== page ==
By Cindy Weiner, Butte County Master Gardener, September 11, 2015.
While it's certainly possible to start native perennials, shrubs and trees from seed, most people buy plants that are growing in pots to transplant to the yard.
By far the best time for planting natives is mid- September through late winter. The weather is cool and nature helps with irrigation. The roots have time to grow before the weather turns hot again. If the soil is very soggy, let it dry out a little before planting. Spring can also be an acceptable time for planting although you'll need to pay close attention to the plant's water needs. It is possible to plant during the summer, but expect many plants to be lost to the heat. The roots will be unable to satisfy the plant's water needs.
Howard McMinn Manzanita by C. Weiner
Most natives are adapted to well-drained soils with little nitrogen. In fact, some natives cannot tolerate nitrogen-rich soils. Generally, no amendments are necessary except to improve drainage. If your soil is very heavy, choose natives that are adapted to clay soils or dig in some ordinary topsoil to form mounded areas that will drain better. Organic amendments like compost may be necessary if you are planting in a new development where the topsoil has been removed by grading.
Unfortunately, native plants are just as susceptible as non-native ornamentals to damage from pocket gophers. If you have gophers in your yard, consider planting in wire baskets that protect the roots until your plant is established.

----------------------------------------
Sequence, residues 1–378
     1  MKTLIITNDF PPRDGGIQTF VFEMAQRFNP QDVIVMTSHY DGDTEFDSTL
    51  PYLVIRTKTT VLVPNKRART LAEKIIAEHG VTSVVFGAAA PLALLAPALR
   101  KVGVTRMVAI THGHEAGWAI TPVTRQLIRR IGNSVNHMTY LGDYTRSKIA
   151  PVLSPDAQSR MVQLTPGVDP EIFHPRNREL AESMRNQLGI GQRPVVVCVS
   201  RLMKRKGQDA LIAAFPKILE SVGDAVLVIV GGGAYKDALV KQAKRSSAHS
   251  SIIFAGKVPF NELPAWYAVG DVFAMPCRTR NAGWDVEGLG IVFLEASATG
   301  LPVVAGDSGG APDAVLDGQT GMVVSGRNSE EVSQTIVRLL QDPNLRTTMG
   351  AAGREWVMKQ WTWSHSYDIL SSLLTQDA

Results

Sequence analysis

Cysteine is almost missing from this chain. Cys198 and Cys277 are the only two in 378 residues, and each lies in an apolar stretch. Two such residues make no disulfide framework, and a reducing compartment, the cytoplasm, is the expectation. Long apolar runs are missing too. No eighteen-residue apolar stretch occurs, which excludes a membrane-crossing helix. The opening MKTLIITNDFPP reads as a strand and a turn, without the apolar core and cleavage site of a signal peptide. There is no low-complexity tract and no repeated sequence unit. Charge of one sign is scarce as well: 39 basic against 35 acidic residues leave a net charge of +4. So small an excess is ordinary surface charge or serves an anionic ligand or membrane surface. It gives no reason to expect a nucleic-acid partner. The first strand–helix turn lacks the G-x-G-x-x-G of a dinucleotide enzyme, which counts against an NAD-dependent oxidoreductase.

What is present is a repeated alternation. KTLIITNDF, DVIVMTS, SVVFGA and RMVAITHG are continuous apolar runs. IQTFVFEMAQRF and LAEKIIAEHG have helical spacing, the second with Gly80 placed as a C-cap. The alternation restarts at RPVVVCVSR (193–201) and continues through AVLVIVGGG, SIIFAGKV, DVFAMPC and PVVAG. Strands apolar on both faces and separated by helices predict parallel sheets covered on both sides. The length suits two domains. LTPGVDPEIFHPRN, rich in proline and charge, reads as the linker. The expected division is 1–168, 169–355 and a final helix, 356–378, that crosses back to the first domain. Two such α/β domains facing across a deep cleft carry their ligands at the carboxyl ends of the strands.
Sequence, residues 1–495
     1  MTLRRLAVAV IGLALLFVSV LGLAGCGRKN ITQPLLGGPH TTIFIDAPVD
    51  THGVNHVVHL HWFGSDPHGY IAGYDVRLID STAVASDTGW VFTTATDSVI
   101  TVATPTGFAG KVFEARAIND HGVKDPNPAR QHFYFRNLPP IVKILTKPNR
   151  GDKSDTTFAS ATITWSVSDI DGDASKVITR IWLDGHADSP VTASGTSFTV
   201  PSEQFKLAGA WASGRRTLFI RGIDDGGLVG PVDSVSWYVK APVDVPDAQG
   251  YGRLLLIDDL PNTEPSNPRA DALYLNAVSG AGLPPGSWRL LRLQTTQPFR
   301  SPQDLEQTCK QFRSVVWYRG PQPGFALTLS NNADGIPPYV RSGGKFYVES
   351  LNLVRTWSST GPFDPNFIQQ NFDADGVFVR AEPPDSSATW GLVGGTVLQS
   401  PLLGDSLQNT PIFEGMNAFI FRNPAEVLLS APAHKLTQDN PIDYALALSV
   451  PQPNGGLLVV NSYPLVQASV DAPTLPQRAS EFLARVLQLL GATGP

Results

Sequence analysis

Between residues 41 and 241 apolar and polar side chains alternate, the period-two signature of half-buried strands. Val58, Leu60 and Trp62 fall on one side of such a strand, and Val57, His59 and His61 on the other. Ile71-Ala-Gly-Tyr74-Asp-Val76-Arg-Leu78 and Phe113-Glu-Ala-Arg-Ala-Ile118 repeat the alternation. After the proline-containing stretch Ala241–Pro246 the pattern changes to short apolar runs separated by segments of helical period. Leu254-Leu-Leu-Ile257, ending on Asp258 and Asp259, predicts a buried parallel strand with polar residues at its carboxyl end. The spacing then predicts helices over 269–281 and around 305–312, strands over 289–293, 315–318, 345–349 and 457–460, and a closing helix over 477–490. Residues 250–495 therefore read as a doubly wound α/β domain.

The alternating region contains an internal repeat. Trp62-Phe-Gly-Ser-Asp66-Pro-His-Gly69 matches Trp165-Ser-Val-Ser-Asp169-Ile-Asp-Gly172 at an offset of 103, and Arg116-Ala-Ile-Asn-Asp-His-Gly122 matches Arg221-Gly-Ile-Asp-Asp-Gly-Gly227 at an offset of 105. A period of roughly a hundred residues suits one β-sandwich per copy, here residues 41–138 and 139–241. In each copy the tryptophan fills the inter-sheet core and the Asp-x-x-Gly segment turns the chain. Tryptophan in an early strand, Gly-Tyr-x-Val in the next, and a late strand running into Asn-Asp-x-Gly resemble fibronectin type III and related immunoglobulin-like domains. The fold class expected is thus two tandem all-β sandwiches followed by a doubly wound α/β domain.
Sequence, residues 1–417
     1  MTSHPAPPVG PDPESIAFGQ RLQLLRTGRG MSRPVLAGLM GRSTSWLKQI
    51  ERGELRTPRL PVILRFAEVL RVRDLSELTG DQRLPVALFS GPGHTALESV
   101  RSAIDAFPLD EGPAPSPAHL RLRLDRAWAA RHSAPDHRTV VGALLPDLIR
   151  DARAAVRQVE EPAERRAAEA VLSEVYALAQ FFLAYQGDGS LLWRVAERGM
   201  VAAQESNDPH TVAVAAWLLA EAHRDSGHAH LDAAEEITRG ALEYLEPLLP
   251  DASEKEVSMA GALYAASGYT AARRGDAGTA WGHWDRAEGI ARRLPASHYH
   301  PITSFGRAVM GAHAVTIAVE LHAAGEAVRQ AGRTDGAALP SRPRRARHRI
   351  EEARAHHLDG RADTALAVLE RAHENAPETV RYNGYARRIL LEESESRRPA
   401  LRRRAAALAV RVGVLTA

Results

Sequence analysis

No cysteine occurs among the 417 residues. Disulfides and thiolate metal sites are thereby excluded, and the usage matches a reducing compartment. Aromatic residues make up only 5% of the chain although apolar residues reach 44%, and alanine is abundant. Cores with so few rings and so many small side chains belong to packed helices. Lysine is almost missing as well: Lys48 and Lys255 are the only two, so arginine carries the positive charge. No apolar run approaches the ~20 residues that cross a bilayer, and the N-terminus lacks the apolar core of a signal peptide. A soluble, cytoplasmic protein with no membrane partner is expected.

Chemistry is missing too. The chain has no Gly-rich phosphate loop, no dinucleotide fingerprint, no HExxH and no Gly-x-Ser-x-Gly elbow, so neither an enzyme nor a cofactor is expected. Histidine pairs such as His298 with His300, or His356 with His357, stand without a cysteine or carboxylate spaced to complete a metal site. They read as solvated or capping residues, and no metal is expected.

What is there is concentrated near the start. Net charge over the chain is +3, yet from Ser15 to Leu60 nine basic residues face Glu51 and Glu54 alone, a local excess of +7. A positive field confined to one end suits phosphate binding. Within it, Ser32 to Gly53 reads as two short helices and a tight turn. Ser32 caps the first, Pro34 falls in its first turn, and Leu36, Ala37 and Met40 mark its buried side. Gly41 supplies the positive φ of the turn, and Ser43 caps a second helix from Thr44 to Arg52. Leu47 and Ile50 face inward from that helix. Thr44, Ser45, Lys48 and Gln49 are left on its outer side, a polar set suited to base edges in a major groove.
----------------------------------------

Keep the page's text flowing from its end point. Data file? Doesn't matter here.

Dig a planting hole that's twice the diameter and the same depth as the pot. Carefully remove the plant from the pot, keeping the root ball intact. Many natives have delicate roots. Avoid disturbing them except to straighten out encircling roots. Gently tease out any matted root fibers on the bottom. Add water to the hole and let it drain. Set the plant in the hole to check for depth, and add or remove soil as necessary. Set the plant back in the hole and fill with native soil, carefully pressing the soil with your hands to remove air pockets. Add more water when the hole is about half filled and then add more soil to the top. Firm the top with your hands. Make sure the crown of the plant is about one-quarter of an inch above the ground and that the ground slopes slightly away from the plant. Rain should drain away and not collect around the crown. If water pools around the crown it may cause the plant to rot. Water the plant thoroughly; making sure the root ball is moist.
California Fuschia by C. Weiner
Mulching the planted area will help retain moisture and suppress weeds. Add 2 to 3 inches of mulch, keeping it 6 inches away from the base of the plant. If you are using organic mulch (such as bark), it will need to be renewed periodically as it breaks down.
Paying careful attention to the planting process will give your native plants a good start.